Edsa Shrine Rector Fr. Jerome Secillano leads the Mass in celebration of Flores de Mayo at the Santisimo Rosario Parish Church on Tuesday, May 28. (Photo by Patrice Jerica A. Beltran/ The Varsitarian)

THOMASIAN clerics remained firm in their opposition to the absolute divorce bill, describing it as a morally questionable and unnecessary solution to failed marriages.

Msgr. Bernardo Pantin, secretary general of the Catholic Bishops’ Conference of the Philippines, said divorce is merely a “shortcut” for individuals seeking to escape difficult marriages.

“The stand of the Church will still be the same – that marriage is an unbreakable bond,” Pantin, the former president of the UST Alumni Priests’ Association, told the Varsitarian

“The marriage we believe is inviolable…but divorce is trying to break up marriage,” he said. “There are several grounds for the dissolution of marriage kasi several marriages are in fact invalid… [pero] hindi kailangan na mag-divorce kasi it’s really breaking up marriage.”

The CBCP secretary general urged government officials to amend Executive Order No. 209, also known as the Family Code of the Philippines, which deals with the annulment of marriages.

In an online interview with the Varsitarian, CBCP spokesperson and Edsa Shrine Rector Fr. Jerome Secillano called divorce unnecessary, pointing to existing legal remedies, such as annulment, declaration of nullity of marriage, and legal separation.

“Adding another is akin to hastening the demise of marriage which is considered inviolable by the Constitution and sacred by the Church.”

Secillano also argued that divorce would not reduce the cases of marital abuse.

“The abuser will simply find a new spouse to be abused. Divorce doesn’t treat abusive behaviors. Once not treated, the cycle of violence and abuse continues.”

‘Badge of honor’

In a pastoral exhortation on May 27, Archbishop Socrates Villegas of Lingayen-Dagupan said the Philippines should consider its status as the only country where divorce has not been legalized as a “badge of honor.”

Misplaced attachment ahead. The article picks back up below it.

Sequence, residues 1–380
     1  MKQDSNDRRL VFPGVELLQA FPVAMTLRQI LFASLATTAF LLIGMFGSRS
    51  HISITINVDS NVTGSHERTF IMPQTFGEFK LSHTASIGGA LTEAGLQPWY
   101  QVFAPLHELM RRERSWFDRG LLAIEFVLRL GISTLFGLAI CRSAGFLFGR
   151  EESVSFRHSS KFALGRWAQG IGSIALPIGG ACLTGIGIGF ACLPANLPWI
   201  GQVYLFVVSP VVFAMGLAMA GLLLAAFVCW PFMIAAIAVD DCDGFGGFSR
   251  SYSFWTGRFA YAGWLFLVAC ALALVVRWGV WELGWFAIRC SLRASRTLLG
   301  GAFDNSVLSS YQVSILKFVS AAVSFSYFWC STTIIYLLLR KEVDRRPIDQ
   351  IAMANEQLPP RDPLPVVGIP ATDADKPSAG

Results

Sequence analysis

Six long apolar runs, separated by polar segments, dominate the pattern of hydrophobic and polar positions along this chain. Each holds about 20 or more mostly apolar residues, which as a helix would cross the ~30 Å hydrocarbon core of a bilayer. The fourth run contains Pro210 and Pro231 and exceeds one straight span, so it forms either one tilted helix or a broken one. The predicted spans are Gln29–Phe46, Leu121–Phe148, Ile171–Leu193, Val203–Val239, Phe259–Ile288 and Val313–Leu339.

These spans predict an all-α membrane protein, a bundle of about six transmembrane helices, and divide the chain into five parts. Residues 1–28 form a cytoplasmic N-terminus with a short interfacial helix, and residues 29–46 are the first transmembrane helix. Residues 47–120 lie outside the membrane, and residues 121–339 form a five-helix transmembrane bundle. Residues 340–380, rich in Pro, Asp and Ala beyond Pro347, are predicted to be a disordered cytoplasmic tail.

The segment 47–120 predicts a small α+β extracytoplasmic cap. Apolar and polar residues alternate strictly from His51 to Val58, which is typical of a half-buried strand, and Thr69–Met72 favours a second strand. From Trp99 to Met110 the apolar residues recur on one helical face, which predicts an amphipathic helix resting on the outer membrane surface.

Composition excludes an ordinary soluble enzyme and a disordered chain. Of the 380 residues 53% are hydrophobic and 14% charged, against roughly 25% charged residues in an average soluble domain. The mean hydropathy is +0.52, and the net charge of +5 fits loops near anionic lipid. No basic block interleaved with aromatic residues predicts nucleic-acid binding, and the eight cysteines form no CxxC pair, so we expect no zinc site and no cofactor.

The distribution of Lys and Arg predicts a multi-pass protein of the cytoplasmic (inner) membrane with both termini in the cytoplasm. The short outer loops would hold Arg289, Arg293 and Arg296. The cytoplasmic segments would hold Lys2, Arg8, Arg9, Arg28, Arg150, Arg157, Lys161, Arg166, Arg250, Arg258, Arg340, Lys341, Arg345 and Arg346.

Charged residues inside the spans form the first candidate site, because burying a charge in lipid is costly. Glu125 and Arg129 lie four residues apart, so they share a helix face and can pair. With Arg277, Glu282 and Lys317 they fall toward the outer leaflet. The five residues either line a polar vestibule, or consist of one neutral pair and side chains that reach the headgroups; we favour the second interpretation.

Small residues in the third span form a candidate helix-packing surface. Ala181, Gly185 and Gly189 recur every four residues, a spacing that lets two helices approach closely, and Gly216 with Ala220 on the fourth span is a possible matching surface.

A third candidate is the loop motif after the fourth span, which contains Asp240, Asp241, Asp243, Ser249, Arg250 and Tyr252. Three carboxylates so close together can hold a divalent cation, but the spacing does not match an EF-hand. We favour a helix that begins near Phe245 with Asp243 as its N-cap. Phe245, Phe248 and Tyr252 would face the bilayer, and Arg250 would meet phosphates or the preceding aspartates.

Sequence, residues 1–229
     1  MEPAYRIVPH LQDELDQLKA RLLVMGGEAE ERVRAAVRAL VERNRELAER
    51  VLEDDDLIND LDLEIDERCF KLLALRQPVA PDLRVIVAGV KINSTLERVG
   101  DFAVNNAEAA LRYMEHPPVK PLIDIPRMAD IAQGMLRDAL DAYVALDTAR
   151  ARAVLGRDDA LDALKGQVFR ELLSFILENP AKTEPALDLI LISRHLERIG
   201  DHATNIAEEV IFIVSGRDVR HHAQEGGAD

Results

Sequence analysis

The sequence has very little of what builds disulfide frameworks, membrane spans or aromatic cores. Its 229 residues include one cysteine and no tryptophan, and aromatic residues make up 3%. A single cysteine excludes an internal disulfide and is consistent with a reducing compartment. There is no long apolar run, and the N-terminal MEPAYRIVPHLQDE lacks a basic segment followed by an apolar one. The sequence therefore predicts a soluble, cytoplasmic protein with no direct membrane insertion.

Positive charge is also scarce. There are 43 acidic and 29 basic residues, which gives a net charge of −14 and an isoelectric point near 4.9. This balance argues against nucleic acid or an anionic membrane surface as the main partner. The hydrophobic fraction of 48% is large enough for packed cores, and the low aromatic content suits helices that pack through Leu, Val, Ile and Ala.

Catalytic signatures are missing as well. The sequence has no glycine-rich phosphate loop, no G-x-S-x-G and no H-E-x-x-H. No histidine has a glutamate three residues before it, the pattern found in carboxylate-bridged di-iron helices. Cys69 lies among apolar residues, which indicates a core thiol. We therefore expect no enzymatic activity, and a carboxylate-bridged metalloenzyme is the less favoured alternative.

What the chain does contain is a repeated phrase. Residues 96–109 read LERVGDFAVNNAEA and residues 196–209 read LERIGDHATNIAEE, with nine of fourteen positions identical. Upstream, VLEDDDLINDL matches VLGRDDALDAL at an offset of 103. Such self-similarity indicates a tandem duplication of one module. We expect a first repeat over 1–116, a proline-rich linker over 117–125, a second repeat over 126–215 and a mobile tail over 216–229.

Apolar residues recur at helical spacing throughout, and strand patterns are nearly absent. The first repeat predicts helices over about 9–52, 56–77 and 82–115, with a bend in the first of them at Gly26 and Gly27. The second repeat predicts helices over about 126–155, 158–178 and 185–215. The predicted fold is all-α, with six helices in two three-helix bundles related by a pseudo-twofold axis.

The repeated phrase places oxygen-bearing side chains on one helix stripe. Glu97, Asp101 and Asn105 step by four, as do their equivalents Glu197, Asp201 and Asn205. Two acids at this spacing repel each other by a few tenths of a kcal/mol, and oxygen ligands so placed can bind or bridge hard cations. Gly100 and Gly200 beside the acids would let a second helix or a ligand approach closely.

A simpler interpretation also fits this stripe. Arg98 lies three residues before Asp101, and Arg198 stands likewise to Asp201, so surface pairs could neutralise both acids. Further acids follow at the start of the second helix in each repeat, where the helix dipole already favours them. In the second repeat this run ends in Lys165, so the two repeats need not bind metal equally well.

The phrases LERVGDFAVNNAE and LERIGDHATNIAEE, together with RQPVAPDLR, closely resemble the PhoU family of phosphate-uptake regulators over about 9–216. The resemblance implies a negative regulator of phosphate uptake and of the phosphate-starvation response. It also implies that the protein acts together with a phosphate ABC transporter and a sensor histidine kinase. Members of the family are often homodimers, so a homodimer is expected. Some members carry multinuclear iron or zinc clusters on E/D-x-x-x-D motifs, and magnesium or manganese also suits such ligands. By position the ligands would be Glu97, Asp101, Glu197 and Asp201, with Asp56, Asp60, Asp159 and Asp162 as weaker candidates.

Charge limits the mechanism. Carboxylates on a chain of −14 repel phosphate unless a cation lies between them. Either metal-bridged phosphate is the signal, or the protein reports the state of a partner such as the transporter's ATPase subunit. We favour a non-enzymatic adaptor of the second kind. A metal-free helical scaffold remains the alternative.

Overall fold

“For a long time now, it has been remarked—often as some kind of self-reproach—that we are the only country that has not made divorce legal. To any faithful Catholic and to any Christian who takes the Gospel as the ultimate norm of human life, this should not be a reproach but a badge of honor, a mark of distinction,” he said.

Villegas stressed that the Church considers matrimony one of its sacraments, an act by which it continues the saving work of Jesus.

“Because the bond that the Lord forges between himself and his Church is a bond that can never be broken, divorce would be perfidious to the reality of the sacrament,” he said.

“The Church urges that those intending to contract marriage discern with maturity their preparedness for the duties marriage imposes on them – and not treat it as some provisional arrangement that can be conveniently set aside when it so suits them,” Villegas said. 

The House of Representatives on May 22 approved on third and final reading to reinstate absolute divorce in the country. 

The Divorce Law was initially implemented in 1917 during the American Colonial Period, but it was repealed in 1943. The Republic Act No. 386, or the Civil Code, was then introduced in 1950 to permit legal separation instead of absolute divorce in the country. 


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